There’s a saying, “ignorance is bliss”. When I was younger, I never read deeper into its meaning when I used this phrase to gloss over things I didn’t want to talk about. Time passed, and I eventually gained more life experience to say that NO, IGNORANCE IS NOT BLISS.
Many times over, I’ve seen and met people who think that if they wash their hands of the situation, they are automatically spared the responsibility. During one of my previous jobs, we had an intern who was basically the real-life version of “ignorance is bliss”. Whenever you asked her to complete a task, her default reaction would be “But I don’t know how!” accompanied with a shrug.
I thought I was being hard on her, until one day, I was discussing with some friends my age (and some older and I) about the perils of having less-motivated younger people working in the office. To my surprise, on many occasions, many of them agreed with me. That it was incredibly difficult to find a young employee who was passionate, willing to learn and okay with a starting pay that was in fact, rather extravagant if compared to the meagre sum we earned when we were their age.
I remember my colleague receiving a resume from a potential hire. Fresh out of university (a foreign one, of course), this person had no work experience whatsoever, but was asking for RM8,000 for a junior position.
I wonder if that person found a job that suited his/her requirements elsewhere. This, my friends, is a good example of what it means to be ignorant. If I had to define ‘ignorance’, I’d say that it’s a combination of self-righteousness, pride and selfishness, with a good measure of unwillingness to learn thrown into the mix.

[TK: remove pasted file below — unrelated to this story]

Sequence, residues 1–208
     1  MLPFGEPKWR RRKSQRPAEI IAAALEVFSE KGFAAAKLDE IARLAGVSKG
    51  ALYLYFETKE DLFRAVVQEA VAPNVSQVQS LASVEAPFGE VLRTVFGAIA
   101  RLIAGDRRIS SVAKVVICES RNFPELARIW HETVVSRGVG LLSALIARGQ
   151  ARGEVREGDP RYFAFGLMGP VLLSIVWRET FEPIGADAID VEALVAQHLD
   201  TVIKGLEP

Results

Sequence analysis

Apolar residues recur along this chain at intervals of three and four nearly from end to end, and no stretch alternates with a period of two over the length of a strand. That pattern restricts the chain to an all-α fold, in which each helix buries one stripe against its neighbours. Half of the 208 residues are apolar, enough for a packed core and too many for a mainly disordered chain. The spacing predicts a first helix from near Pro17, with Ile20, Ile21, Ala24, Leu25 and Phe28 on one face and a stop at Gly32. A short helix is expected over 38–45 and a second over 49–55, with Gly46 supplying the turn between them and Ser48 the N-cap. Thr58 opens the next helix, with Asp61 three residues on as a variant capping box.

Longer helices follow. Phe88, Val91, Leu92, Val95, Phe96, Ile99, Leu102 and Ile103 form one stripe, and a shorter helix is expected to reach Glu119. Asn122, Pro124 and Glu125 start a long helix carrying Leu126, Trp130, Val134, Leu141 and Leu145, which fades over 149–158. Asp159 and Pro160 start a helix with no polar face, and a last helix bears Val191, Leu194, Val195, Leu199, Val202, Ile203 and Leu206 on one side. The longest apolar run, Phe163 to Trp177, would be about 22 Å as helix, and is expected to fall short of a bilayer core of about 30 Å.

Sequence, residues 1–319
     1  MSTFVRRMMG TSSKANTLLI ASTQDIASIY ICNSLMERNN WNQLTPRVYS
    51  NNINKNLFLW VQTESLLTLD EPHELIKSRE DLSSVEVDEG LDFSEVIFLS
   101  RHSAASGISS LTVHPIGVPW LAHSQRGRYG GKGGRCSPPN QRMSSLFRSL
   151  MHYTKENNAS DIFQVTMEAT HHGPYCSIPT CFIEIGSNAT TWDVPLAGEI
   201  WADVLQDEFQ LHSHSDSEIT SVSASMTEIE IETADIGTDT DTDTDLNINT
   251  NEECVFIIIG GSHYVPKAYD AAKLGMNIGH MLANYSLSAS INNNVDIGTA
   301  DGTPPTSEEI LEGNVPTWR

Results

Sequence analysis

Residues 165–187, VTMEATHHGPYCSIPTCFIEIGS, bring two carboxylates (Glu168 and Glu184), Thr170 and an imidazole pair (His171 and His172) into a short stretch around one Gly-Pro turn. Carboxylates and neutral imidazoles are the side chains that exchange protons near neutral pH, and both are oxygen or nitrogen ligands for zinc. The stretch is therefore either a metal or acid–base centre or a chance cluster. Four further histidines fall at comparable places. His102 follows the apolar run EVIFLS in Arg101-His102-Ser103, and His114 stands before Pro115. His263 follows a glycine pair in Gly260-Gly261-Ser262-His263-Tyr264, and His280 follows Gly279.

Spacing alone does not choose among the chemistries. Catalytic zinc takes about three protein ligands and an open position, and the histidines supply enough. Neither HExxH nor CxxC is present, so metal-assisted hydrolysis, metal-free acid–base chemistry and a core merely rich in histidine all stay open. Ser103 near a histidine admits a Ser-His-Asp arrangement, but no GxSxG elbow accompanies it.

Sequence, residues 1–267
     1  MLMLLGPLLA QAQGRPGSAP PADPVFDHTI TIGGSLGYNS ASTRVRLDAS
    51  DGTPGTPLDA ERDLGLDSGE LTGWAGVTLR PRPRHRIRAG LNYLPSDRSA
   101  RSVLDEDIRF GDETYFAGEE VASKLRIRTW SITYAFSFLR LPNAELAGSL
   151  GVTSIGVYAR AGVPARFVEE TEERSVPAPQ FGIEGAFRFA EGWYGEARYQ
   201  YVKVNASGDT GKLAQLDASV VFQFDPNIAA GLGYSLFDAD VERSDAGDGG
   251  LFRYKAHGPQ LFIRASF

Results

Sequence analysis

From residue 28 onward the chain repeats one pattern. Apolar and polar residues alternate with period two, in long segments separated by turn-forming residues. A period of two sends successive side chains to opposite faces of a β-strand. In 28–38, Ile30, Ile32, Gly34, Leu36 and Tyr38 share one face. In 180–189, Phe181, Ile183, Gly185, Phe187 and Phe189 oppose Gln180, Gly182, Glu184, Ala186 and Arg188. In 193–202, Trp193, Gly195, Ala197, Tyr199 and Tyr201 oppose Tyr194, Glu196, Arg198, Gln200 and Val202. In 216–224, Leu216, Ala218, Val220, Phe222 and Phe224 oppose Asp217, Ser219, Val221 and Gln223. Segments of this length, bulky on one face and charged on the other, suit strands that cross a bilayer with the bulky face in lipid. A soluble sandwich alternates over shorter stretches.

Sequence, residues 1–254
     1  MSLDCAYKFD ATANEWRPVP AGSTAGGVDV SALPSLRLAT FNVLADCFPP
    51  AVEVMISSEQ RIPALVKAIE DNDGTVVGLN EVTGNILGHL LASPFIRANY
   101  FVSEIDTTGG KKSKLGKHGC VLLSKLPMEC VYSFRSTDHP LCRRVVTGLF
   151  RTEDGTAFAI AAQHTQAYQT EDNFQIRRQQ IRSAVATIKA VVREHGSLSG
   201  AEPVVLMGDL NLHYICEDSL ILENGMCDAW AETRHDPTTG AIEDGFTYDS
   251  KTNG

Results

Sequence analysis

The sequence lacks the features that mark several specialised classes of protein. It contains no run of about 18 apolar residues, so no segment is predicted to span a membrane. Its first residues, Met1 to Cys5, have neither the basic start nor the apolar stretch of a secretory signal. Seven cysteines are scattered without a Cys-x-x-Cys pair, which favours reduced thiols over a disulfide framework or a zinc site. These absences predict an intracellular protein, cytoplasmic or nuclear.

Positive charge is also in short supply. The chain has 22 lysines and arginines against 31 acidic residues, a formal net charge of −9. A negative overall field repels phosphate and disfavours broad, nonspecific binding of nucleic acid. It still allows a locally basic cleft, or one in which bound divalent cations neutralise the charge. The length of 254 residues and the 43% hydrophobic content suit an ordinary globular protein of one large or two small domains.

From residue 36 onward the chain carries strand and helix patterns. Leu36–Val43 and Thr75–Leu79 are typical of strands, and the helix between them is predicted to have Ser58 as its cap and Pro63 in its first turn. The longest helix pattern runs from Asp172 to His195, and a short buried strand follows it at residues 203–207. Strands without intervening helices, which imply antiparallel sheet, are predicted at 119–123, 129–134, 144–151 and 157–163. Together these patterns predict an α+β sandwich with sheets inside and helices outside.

I certainly don’t remember people my age being that ignorant about things. But I suppose you can’t also put the full blame on the youngsters of today. Parenting values and approaches have changed over the years. While it was okay for teachers to punish students with the cane in the 1990s, it’s apparently acceptable for parents to hit teachers in retaliation because their children got punished at school. That’s also a huge, whopping example of ignorance.
I’m not saying that all teachers are correct, but their role is to instil discipline and impart knowledge so that children and teenagers grow up to better people. If you’re not allowed to discipline an unruly teen because his father’s a rich and/or powerful man, then there’s no point in sending this kid to school to cause trouble for everyone else, right?
Another thing that I’ve told myself I should never succumb to is complacency. We’ve grown so comfortable with the things that we have or the things that we do, that we fail to challenge ourselves to do more. If you think of a positive way to sum up this feeling, it’s called ‘contentment’. But the real deal is that feeling too contented might not be such a good thing after all.
Being complacent is what demotivates you. It’s what you do when your inner demons draw you to the dark side and tell you that you don’t have to hustle in order to achieve more. That’s why I try not to tell myself too often, “be happy with what you’ve got”. If I’m too happy with what I have, I lose my drive to work harder, and that’s not something I want at 30 when I’ve got my life mapped in front of me.
Of course, that doesn’t mean I’m a freak who pushes myself to live like a beast. Taking a break is necessary, too. But I want to be a woman who earns her own salary. A woman who can speak for her own decisions without having to worry whether it’s the ‘right’ thing do to. And at this age, if I don’t work harder, I have no idea if I’ll be as lucky to have as many doors open up for me when I’m 40 or 50.
By being less ignorant and less complacent, I’m more motivated to do more with my life. What about you?
(Images: befreetoday.com.au, elle.com, silent-fiction.tumblr.com, picturequotes.com)